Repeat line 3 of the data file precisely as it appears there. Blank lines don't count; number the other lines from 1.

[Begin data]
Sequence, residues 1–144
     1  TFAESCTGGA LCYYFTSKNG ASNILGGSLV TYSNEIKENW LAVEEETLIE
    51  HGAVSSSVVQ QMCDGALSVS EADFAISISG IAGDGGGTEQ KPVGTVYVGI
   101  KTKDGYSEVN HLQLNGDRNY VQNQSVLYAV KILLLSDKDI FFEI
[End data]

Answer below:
    51  HGAVSSSVVQ QMCDGALSVS EADFAISISG IAGDGGGTEQ KPVGTVYVGI